Name: Cheryl A. Krause-Parello PhD, RN, FAAN
Background: As the wife of a Marine veteran and a doctorally prepared nurse researcher I wanted to give back to those who have sacrificed so much for my freedom so I blended my passion for animals and my nursing education. In 2013, I founded Canines Providing Assistance to Wounded Warriors -C-P.A.W.W. a health research initiative for veterans. C-P.A.W.W. helps expand the efforts of improving military and veteran health and well-being through research and community engagement projects investigating and uncovering how to reduce the risk factors for suicide in the military population and improve our understanding of palliative effects of animal-assisted interventions. Please explore my website to learn more about me and C-P.A.W.W. www.nursing.fau.edu/c-paww.
Role on the Operation PCOR Team: I am Operation PCOR’s Project Lead
Why I am involved in Operation PCOR: “I am involved in Operation PCORI because Post Traumatic Stress Disorder (PTSD) research needs to be conducted in collaboration with veterans as full partners in order to design and conduct studies that are relevant and meaningful to the veteran population.”
Name: Linda Flynn, PhD, RN, FAAN
Background: I’m a Professor and Director of the PhD in Nursing Program at Rutgers University School of Nursing. I’ve been teaching university students for about 25 years and am considered an expert educator and researcher. My research is focused on making healthcare systems better and safer and the results have been published in journals and the media and have influenced federal policy. But most importantly, I’m the wife of a Viet Nam veteran.
Role on the Operation PCOR Team: I am the Co-Lead of the project. Specifically, I use my expertise in education to assist in the development of the educational models, and am using my research skills to evaluate the effectiveness of the modules.
Why I am involved in Operation PCOR: “I think that the Operation PCOR project is really important because we owe it to our veterans to teach them how to be full partners in research projects. Because veterans’ health needs are special, we need more veteran-focused research that will find effective solutions and treatments that are acceptable and specific to veterans. So, I am using my expertise as an educator and researcher to help develop modules that teach veterans about the research process, how research participants are protected, how they can participate, and how they can help other veterans find results that may be important to them.”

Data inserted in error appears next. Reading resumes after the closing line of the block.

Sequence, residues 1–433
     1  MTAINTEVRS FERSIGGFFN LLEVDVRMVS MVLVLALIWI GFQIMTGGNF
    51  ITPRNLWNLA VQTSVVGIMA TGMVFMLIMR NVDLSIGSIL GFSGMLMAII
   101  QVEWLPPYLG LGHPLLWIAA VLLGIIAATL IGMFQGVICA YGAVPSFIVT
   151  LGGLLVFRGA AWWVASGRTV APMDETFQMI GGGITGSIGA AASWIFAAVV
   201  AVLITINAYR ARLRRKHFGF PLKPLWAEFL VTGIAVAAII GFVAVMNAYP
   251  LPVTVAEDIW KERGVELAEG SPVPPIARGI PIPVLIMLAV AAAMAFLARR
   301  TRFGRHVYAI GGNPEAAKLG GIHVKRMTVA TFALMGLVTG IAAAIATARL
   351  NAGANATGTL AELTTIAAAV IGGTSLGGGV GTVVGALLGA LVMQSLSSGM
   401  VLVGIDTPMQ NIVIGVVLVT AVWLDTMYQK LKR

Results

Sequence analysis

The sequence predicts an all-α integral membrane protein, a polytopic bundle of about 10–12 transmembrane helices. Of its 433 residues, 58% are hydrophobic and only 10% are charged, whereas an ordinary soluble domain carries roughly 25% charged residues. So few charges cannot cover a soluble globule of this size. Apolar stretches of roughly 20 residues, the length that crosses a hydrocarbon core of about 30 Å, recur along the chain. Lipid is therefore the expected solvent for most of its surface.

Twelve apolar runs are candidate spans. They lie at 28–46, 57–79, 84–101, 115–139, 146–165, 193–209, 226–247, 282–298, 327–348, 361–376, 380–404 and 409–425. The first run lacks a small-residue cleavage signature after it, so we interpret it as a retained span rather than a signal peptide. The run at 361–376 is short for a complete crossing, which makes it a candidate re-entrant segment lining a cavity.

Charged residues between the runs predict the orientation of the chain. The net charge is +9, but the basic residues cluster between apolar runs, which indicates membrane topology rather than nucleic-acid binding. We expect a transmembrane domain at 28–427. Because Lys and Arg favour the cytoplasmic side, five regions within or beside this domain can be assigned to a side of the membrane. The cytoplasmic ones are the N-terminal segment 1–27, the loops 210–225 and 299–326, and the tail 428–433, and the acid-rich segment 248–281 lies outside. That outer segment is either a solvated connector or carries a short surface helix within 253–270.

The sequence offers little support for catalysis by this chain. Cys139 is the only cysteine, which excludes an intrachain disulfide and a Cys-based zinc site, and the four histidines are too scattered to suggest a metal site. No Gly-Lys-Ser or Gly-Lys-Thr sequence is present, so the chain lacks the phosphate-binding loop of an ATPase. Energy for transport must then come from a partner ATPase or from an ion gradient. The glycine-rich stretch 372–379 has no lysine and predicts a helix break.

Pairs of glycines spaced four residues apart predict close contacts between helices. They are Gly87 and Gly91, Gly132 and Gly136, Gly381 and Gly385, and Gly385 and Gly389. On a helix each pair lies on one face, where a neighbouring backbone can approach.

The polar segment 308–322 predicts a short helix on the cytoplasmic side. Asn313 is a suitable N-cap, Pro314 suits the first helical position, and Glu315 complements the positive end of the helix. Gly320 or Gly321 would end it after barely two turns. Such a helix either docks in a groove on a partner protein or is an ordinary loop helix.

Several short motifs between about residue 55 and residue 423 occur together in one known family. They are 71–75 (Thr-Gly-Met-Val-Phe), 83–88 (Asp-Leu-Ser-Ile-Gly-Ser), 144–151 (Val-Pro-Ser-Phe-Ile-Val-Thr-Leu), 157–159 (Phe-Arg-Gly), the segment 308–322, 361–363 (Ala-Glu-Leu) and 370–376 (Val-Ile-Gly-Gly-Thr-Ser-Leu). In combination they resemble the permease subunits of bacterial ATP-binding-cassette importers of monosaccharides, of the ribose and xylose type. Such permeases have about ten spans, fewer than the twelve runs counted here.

Name: Ralph Presciutti
Background: I served as an Infantry Airborne Soldier in The US Army from 1983 to 1987 and I have been working for Veterans since. I became a member of The American Legion and I was elected as Post Commander in 2014 and again in 2015. I have organized several successful events to raise money and awareness for veterans and Veterans Service Agencies. I am currently serving on the Board of NY Warrior Alliance 501(c)(3), where I help to address a wide range of needs for veterans and enhance the quality of life for wounded military members, their family and caregivers. I am also serving as The NY Veteran leader with The Veterans Action League where we address the needs of Veterans accessing essential services like health care and earned benefits! I have received many awards and recognitions for my work with veterans. Most Notably, The Chairman of the Joint Chiefs of Staff, General Martin E. Dempsey, recognized me for my work with Veterans and in 2017 I was inducted into The New York State Veterans Hall of fame.
Role on the Operation PCOR Team: Board Member/Veteran
Why I am involved in Operation PCOR: “They Fight for us I will fight for them! Our veterans deserve to have all of their issues addressed in a timely and effective manner. I hope that my leadership and involvement helps to achieve that level of care.”
Name: Jennifer Dillon MPA, RN-BC
Background: I’m an Air Force veteran and served as a Survey Team Member for the 2nd Weapons of Mass Destruction Civil Support Team for New York State. I also responded to the 9/11 terrorist attacks on the World Trade Center. After my military service, I went to nursing school. I wasn’t ready to stop serving my country, so I became a VA nurse where I could continue to interact with my fellow veterans. I am now a PhD candidate at Rutgers University and am interested in researching how healthcare delivery systems can improve chronic disease care to help patients live successfully with their illness.